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Mortgage Facts You Might Not Know

People often overlook the simple changes they could make in their current lifestyle which could result in significant differences over the course of their life. This is true financially, but also true across all facets of life.

I thought I'd write a blog to highlight some of these things that are often overlooked when it comes to your mortgage, to shed some light on these.

For the purpose of the examples I've used, I've worked off the average house-price in NZ being $889k as at July 2023 (QV House Price Index).

The Life of Your Mortgage

When you pay down a mortgage on a Principal and Interest basis over 30 years, most people are aware that in the beginning, with each payment you make you are paying more of the "Interest" and less "Principal" and as time goes on this adjusts to becoming more "Principal" and less "Interest'. However, people wrongly assume that this happens about 15 years into your mortgage (i.e. half way). This is simply not true. 

Let's assume you got an 80% loan on your property purchase of $889k, which would be a loan amount of $711,200. Assuming a 1-year fixed interest rate currently of 6.99%, you'd be looking at repayments of ~$4,727 per month. Your first payment would be $4,143 in Interest and ~$584 of Principal, meaning your loan balance would've only reduced by $584, down from $711,200 to $710,616.

It would only be by the 21st year, that your Principal payment would be higher than your Interest repayment. At the end of that mortgage (again, assuming the same interest rate) over 30 years you would've paid down your initial loan of $711,200 in full, and additionally paid an extra $990,468 in interest - totaling over $1.7m in total mortgage payments over that 30 years.

In reality however, very few people end up paying off their mortgage over 30 years, instead, we move houses throughout our lives. We upsize, downsize, move suburbs, countries, etc. and so in many cases wouldn't pay the full extent of that interest burden - but it would make sense that where possible, if you're able to reduce the amount of debt you've got on your family home - you should do so to save interest.

Additional Mortgage Payments

In the current economic environment, meeting your current obligations can be tough. However, for those in a position to be able to make extra repayments, minor additional payments can make significant inroads when it comes to paying your mortgage down quicker and saving you thousands of dollars in interest. There are many ways you can do this:

A simple example of renting out a bedroom for an extra $200 per week and taking this income and adding it to your mortgage could save you 10 years and 7 months off your mortgage (i.e. it would be repaid in under 20 years instead of 30) and save you $402,015 in interest costs.

Considering that renting out one bedroom could do that often is a huge wake-up call for mortgage-holders, and is certainly becoming more common in the current housing market.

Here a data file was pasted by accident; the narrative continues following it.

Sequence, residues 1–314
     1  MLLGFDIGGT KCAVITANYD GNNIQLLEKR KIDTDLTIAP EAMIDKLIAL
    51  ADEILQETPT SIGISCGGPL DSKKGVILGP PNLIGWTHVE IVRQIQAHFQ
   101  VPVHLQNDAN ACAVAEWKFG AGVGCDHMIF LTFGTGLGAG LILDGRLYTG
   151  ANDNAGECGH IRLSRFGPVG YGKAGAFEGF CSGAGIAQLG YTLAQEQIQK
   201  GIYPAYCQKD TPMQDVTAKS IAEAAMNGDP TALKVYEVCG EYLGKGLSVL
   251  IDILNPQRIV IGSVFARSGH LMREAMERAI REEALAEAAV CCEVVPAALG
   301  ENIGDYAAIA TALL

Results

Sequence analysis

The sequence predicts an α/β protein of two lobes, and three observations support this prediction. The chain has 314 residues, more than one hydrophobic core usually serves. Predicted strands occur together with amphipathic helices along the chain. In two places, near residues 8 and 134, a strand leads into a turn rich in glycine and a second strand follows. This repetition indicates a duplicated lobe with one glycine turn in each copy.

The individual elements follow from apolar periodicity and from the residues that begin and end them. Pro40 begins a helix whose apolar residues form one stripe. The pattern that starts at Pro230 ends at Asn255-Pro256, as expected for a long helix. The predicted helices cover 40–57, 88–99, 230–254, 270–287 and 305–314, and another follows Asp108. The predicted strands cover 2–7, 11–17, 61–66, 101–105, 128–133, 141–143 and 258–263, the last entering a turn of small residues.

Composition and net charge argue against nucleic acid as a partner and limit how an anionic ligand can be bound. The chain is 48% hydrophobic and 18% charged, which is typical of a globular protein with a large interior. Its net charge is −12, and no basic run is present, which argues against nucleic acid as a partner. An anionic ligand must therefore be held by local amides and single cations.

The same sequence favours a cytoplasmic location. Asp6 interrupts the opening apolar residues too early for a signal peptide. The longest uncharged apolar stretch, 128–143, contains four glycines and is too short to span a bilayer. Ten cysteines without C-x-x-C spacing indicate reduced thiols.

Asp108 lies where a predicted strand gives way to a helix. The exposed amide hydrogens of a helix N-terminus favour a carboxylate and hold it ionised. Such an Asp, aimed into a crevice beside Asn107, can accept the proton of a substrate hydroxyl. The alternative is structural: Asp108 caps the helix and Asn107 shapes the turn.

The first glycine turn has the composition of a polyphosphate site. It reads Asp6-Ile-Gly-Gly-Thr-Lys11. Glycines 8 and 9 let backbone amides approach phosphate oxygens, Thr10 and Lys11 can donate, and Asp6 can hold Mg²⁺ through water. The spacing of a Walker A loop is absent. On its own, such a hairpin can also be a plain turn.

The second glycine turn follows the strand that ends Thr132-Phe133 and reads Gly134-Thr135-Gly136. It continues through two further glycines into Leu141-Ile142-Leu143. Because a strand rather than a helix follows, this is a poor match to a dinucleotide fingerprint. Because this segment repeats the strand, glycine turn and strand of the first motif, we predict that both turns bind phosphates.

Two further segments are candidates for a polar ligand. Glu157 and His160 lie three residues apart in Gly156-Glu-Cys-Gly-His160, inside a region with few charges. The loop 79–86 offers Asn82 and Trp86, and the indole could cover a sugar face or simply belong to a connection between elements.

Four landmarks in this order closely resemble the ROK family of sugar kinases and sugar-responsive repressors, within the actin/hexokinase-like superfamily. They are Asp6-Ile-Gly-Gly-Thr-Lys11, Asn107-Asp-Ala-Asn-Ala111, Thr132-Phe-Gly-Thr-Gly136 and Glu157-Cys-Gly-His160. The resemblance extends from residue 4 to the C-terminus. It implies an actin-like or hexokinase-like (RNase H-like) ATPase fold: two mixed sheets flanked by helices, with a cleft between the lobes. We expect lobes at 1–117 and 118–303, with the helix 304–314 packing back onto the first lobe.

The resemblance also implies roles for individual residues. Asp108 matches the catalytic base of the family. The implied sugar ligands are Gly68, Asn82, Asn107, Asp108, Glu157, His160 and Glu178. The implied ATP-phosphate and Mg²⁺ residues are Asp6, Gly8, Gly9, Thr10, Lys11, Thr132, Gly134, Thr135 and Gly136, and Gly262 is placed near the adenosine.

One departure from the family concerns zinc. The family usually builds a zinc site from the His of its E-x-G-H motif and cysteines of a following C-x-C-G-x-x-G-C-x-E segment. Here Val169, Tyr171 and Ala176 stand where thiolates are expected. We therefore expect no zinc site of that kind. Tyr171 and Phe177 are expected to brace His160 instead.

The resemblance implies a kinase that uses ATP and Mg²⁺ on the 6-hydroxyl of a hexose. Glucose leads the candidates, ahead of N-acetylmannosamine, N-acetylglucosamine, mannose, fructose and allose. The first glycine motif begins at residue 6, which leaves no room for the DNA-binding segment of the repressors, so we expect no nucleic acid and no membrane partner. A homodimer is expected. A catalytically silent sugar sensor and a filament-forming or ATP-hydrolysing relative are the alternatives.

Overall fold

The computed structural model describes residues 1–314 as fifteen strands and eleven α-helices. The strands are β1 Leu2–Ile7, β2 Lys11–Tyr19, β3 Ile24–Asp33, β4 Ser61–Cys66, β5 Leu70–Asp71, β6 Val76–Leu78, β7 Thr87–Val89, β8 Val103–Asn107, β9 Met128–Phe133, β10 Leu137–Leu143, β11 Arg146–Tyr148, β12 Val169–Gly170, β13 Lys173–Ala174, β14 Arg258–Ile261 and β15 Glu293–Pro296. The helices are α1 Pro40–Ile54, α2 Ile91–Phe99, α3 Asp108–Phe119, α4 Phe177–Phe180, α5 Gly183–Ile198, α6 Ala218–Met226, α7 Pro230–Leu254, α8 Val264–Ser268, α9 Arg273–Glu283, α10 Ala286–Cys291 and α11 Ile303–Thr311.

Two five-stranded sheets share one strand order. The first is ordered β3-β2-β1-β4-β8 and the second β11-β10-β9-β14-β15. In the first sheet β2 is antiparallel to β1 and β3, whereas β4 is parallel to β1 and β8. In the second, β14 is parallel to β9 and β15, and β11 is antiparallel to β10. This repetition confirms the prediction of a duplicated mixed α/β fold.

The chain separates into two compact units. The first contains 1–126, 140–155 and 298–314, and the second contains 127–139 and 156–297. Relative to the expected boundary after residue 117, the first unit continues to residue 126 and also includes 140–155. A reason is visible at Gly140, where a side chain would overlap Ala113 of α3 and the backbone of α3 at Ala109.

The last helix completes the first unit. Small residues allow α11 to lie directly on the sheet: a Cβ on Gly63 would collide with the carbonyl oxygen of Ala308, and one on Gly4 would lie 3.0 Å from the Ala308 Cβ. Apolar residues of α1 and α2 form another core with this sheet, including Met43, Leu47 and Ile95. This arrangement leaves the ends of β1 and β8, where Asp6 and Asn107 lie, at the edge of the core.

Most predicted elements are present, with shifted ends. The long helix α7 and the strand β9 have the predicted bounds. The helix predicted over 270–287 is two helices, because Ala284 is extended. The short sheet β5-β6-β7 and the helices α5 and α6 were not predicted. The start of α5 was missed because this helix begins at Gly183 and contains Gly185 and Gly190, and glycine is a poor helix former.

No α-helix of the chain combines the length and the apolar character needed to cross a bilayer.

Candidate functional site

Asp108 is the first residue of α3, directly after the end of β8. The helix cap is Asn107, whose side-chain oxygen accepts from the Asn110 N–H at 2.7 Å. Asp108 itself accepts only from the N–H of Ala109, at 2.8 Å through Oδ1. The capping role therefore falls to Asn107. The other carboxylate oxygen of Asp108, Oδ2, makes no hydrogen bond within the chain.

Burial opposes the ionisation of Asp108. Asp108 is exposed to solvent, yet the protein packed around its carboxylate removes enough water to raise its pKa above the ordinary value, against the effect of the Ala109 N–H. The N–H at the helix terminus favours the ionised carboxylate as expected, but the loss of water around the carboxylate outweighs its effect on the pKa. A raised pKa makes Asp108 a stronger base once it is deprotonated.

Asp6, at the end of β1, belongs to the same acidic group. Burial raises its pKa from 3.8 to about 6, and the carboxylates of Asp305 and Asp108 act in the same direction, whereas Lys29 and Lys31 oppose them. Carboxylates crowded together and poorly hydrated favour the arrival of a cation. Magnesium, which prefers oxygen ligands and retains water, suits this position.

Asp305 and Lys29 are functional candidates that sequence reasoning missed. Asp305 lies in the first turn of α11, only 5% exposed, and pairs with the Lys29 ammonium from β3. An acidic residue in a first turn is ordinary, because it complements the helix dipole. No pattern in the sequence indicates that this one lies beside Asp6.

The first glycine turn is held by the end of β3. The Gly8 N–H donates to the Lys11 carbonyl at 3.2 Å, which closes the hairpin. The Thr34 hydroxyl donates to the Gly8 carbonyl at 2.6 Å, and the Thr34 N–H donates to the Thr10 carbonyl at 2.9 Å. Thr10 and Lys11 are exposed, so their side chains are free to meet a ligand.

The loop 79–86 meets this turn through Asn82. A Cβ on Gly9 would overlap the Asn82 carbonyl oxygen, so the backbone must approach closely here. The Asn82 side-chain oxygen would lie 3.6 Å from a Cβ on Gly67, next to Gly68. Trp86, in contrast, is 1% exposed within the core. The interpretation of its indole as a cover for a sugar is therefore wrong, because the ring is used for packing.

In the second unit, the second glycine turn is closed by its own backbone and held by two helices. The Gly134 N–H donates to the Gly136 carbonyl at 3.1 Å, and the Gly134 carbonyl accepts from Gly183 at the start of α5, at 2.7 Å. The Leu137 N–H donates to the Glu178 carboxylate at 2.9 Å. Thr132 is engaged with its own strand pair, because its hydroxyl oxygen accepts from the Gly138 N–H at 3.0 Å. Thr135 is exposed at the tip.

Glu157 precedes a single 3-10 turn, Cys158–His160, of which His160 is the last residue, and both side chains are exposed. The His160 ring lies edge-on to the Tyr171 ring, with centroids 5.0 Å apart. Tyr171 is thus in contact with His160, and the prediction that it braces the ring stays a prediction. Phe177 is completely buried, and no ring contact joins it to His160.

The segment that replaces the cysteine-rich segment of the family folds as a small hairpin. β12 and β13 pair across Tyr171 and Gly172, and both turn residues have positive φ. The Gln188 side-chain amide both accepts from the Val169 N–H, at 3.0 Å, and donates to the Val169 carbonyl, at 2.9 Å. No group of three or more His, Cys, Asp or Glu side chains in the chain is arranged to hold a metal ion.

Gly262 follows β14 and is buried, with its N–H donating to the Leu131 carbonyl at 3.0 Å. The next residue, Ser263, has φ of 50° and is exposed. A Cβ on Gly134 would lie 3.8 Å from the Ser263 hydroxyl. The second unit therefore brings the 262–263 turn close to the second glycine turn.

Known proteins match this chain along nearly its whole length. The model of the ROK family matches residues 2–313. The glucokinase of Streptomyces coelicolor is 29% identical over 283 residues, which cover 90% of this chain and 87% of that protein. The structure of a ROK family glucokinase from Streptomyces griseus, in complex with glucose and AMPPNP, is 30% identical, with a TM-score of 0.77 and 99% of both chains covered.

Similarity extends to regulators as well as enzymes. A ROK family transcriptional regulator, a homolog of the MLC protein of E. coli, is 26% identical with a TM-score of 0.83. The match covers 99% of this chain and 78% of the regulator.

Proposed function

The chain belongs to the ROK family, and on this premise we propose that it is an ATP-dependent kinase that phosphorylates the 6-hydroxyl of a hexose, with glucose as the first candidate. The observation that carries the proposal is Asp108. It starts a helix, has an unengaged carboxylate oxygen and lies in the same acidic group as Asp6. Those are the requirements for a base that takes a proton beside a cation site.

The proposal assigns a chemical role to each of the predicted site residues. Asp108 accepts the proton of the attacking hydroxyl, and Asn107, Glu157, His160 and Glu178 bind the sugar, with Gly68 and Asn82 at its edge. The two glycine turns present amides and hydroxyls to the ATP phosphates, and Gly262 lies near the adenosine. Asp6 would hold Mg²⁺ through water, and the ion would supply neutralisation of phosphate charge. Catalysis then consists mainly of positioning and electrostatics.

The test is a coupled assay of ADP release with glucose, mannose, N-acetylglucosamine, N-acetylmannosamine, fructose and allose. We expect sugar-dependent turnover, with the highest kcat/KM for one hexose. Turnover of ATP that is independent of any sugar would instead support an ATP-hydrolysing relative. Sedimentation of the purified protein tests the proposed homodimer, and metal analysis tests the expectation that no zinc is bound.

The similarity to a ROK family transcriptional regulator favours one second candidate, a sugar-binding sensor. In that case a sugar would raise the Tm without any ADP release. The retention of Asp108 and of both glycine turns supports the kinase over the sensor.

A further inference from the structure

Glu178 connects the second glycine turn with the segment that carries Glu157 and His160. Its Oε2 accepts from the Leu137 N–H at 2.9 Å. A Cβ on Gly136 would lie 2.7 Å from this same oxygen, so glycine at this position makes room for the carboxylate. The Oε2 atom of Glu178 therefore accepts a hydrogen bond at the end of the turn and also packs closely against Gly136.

If you rented out two rooms ($200 p/w each) and added all of this to your mortgage (again, assuming the same figures as before - $711,200 at 6.99%) you'd save 15 years and 3 months (i.e. you'd pay off your mortgage in less than half of the original 30-year loan term) and you'd save $561,371 in interest.

Not to mention, doing this (an extra $400 p/w in mortgage payments ) would mean you'd be paying more Principal than Interest by Year 5!

This is definitely worth considering, and when adding this to the other bullet points above - you could be debt-free a lot faster.

A Free Lunch

While it's often said that 'there's no such thing as a free lunch' this may be about as close as you could get when it comes to finance. Utilizing revolving credit facilities to reduce your debt more quickly can often speed up the process and help with the benefit of compounding interest payments that work in your favour. We've written a blog about the use of revolving credits in this way here.

The most efficient way to utilize this strategy - provided you're diligent with your finances (i.e. you won't be tempted to spend more than you should) is to get a credit card and spend money from that throughout the month for your day-to-day life (which will hopefully accumulate points for you on the card and get other benefits) and then at the end of each month, before incurring interest on the card, pay it off with the funds sitting in your revolving credit. This is a way to use interest-free money on the credit card, while saving/offsetting your debt on your mortgage with the income you get direct credited on a regular basis. Look out for credit cards and their costs & benefits, and while you may not be incurring interest by doing this strategy correctly, you'll want to be sure to double-check if the credit card has any annual or monthly fees that could outweigh your mortgage savings here.

As always - our posts are not specific financial advice but are simply generic in nature and give some insights on tips to consider. If you'd like a discussion around your personal situation, as always feel free to Get In Touch.

Ryan Smuts
11 September 2023